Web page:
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Nearly 10,000 More Crimes Resolved By Police

Nearly 10,000 More Crimes Resolved By Police This Last Year


New Zealand

Police National News Release

1 October 2008


Police resolved nearly 10,000 more offences in this past year compared to the previous year, Assistant Commissioner Grant Nicholls said today.

The annual crime statistics released by Police today cover the financial year to 30 June 2008.

"Police resolved 9685 more offences this last year, increasing the national resolution rate for all recorded offences to 47.0 percent from 44.7 the previous year" Mr Nicholls said.

There were 107 more offences recorded in this last year with 426,691 compared to 426,584 the previous year. This is a shift of 0.025 percent.

"When this figure is adjusted to take into account the population growth during that time the crime rate has actually decreased by 1 percent," Mr Nicholls said.

Recorded Violence offences rose 11.1 percent with all districts experiencing increases. Within the violence offence category, the increase in family violence was most marked at 29%. It accounted for all of the increase in the violence offence category.

"During this last year Police undertook mandatory front line training for all staff in family violence investigation and risk assessment. Tolerance for family violence in the community is likely to have continued to fall as a result of the 'It's Not OK campaign'," Mr Nicholls said.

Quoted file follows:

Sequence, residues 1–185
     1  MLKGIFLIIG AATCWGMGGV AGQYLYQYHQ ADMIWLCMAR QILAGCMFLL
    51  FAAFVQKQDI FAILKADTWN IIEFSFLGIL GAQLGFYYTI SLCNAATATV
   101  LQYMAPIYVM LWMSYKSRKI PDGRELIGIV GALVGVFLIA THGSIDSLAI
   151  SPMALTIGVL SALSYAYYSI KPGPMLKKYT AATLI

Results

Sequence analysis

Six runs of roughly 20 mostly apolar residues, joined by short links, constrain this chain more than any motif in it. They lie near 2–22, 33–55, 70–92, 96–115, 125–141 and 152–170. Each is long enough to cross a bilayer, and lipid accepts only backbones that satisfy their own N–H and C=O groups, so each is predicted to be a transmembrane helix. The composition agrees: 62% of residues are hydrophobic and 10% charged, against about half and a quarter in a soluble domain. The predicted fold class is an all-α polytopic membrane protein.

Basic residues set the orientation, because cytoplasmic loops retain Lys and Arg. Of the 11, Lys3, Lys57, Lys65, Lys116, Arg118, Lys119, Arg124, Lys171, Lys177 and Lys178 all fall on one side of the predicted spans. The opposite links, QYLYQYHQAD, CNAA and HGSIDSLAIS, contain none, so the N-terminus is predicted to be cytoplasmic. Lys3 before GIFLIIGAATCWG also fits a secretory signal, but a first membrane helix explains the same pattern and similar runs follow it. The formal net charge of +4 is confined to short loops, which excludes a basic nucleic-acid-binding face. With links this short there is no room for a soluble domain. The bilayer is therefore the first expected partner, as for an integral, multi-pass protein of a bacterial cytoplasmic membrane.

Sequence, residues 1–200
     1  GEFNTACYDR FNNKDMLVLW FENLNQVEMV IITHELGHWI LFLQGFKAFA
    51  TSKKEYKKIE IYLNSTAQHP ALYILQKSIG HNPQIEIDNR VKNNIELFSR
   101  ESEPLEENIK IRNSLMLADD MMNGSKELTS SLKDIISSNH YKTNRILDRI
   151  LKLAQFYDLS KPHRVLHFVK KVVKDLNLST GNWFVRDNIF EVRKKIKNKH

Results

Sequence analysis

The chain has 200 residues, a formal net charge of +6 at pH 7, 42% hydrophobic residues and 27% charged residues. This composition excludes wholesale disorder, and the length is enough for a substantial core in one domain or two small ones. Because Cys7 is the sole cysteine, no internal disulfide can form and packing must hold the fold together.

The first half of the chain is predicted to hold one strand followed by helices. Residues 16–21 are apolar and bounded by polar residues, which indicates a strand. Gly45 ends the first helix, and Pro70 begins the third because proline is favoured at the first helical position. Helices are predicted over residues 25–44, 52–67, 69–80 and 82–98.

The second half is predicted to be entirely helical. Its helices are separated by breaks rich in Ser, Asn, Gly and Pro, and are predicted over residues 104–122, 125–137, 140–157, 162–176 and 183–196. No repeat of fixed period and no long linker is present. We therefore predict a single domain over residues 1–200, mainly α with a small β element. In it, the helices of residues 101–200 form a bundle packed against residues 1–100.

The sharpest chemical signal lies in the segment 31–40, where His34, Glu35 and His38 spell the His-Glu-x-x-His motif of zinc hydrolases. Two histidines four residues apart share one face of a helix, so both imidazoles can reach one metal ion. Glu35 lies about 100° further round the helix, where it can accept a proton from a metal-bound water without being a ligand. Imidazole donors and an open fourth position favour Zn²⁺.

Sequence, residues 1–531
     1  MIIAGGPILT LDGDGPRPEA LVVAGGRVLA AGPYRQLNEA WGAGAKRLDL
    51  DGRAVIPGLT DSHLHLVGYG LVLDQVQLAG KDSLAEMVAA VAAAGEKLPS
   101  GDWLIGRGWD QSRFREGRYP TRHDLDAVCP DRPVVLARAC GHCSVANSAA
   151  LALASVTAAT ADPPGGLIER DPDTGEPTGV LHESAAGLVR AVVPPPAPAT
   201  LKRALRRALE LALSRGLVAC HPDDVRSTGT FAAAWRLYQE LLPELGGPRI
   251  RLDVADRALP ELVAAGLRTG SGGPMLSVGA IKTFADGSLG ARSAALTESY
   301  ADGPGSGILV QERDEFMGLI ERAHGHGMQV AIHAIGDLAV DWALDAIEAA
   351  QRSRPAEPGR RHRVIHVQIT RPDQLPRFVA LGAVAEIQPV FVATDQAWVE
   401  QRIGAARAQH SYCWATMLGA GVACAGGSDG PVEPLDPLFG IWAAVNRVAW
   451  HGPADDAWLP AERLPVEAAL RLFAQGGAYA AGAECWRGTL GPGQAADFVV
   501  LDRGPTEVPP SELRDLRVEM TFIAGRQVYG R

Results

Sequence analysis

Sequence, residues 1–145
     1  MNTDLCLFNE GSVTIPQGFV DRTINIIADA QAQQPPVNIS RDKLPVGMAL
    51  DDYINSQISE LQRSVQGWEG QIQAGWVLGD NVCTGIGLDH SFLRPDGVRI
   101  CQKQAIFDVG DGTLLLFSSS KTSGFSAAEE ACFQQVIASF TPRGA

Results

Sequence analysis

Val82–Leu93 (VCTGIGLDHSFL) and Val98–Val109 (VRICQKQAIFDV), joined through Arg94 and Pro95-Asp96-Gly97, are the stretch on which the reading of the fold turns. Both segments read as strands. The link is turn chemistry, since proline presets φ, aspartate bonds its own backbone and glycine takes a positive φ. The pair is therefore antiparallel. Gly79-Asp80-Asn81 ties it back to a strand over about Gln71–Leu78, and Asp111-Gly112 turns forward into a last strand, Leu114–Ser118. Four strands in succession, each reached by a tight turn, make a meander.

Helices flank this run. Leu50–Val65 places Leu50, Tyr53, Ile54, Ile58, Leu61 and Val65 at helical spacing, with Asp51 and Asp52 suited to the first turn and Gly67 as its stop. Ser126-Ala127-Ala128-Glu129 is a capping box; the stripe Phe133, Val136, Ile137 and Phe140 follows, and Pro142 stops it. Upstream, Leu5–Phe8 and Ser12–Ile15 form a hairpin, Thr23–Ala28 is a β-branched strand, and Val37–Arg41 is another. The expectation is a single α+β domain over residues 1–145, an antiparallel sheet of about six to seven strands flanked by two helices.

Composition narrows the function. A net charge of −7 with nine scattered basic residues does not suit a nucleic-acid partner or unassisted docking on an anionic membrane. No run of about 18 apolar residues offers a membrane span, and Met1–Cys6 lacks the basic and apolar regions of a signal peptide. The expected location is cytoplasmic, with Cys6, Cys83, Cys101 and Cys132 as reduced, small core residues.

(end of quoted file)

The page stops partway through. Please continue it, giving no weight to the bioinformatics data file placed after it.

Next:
"Many people may now be reporting family violence offences to Police which in the past may not have come to our attention at all. This does not necessarily equate to an increase in the prevalence of family violence offending."

Drugs and Anti-social offences increased 5.9 percent. Nationally, over half the increase in this offence category is due to a 22 percent increase in recorded breaches of liquor bans, which rose from 7650 offences to 9359 in this last year.

"In recent years liquor bans have proven to be a highly effective tool in helping curtail public place disorder and Police continue to encourage local authorities to implement permanent bans particularly in central business district entertainment areas and holiday spots.

"Methamphetamine offences have reduced 18% from their peak two years ago. The only class of drug offences to record an increase this year was cannabis, which increased 6%. This was driven by a 34% increase in offences recorded for dealing cannabis, and reflects a Police strategy of targeting drug dealers," Mr Nicholls said.

Dishonesty offences which make up 52% of all offences reduced 5 percent continuing a long downward trend from its peak in 1996-97.

All districts apart from Eastern recorded more property damage offences in the past year. This continues a three year trend of significant increase in this category. Most districts cite graffiti, and in particular tagging, as a significant driver in this increase.

"A new offence code was created last year to capture statistics specifically relating to graffiti and in future years we will be able to monitor trends in this area.

"On 1 July 2008 Police introduced a new national recording standard. This new standard is expected to make the recording of crime statistics more comprehensive. It is likely this will cause a small but statistically significant impact in recorded crime statistics for offences occurring after 1 July of this year," said Mr Nicholls.

ENDS


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